My friend Sophia and I have known each other since we were around eleven. Alone and afraid, we found each other in the noisy cafeteria of East Side Middle School. And now, eight years later, we, along with our other friend Melissa, have remained incredibly close. And so I took a special pleasure out of attending a preview of the Mint Theater Company's Donogoo, because as far as I was concerned, the play was infinitely cooler since Sophia was working on the show as a member of the deck crew.
As we entered the theatre, my boyfriend and I amused ourselves by trying out all of the possible ways to pronounce Donogoo. Was it Donogoo? Donogoo? With a title like that, it was hard to be sure. And what did Donogooeven mean anyway? It could be anything from a weird sounding and very obscure name to some kind of unchartered mystical land.
The set consisted of very little in terms of furniture other than a few tables and chairs. Everything else was done via the use of projections. All three walls of the stage were covered with these projected moving images. When one actor went over to the projection of a globe and reached over as if to spin it, the projected globe span in sync with his movement! And when another actor went over to a projected blackboard to record his calculations, the calculations in question appeared before our eyes while he mimed the motions of scribbling algebraic equations. Scene after scene, the set revealed more and more surprises.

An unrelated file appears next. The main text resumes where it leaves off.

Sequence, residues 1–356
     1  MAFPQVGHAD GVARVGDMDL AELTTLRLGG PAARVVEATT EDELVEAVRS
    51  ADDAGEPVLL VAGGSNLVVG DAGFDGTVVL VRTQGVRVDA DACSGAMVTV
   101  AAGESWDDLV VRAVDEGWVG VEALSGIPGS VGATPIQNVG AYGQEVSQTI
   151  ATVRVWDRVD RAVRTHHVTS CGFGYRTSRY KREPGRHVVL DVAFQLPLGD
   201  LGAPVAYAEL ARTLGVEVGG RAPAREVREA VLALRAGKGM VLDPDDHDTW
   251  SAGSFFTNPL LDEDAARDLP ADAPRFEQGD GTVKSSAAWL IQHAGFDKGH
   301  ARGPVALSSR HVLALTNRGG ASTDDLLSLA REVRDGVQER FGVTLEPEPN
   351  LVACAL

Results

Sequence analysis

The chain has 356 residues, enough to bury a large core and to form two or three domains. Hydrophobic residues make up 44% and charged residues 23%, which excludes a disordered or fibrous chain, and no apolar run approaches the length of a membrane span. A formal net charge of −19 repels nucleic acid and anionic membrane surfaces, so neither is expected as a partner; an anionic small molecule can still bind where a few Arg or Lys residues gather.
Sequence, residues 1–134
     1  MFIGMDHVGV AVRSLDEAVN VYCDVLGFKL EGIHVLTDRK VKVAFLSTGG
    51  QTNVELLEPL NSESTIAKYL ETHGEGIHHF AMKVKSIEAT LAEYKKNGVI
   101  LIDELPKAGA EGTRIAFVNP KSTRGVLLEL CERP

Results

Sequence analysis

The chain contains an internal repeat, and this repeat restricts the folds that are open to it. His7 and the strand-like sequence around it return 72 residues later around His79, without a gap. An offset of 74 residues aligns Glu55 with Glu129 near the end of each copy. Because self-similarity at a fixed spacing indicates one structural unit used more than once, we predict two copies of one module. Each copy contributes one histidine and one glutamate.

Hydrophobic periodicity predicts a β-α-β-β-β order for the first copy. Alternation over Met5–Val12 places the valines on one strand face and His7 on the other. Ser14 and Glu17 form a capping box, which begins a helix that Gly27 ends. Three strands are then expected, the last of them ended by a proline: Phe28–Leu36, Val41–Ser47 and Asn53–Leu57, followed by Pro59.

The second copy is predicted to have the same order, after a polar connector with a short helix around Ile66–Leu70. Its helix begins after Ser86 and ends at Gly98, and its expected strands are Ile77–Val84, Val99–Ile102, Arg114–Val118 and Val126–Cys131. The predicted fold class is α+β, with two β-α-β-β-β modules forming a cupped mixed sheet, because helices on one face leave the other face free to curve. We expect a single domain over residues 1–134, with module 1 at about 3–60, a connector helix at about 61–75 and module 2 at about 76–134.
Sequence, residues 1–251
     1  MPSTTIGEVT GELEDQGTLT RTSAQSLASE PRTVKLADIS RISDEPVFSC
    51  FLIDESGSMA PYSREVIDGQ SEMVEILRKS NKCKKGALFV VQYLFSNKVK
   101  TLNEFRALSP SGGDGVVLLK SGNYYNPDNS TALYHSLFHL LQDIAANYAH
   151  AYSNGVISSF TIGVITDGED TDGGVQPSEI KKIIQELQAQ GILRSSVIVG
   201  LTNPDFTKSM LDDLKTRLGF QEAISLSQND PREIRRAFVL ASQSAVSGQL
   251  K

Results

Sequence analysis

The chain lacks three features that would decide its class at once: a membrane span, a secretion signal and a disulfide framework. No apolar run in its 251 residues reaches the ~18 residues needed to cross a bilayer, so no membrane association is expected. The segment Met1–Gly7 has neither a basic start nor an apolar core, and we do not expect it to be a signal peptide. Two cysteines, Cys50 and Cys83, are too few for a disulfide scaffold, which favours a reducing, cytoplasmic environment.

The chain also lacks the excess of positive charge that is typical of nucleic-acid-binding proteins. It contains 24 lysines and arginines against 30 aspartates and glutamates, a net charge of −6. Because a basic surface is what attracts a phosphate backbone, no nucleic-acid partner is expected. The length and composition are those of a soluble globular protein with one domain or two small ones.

Donogoo got me thinking a lot about geography and the value we put on places. For example, what makes New York City any more of a location than Hogwarts or Narnia? If a place exists in our minds and in writing, isn't that enough? Or does it need to be somewhere that can be pointed out on a map in order to be considered real? I watched Donogoo morph from a mere idea into a busy and successful city complete with its own government and travel agency. And it didn't matter to me that I was watching a play and that the place was invented. Because Donogoo didn't just come alive for me on stage. It came alive for me-period.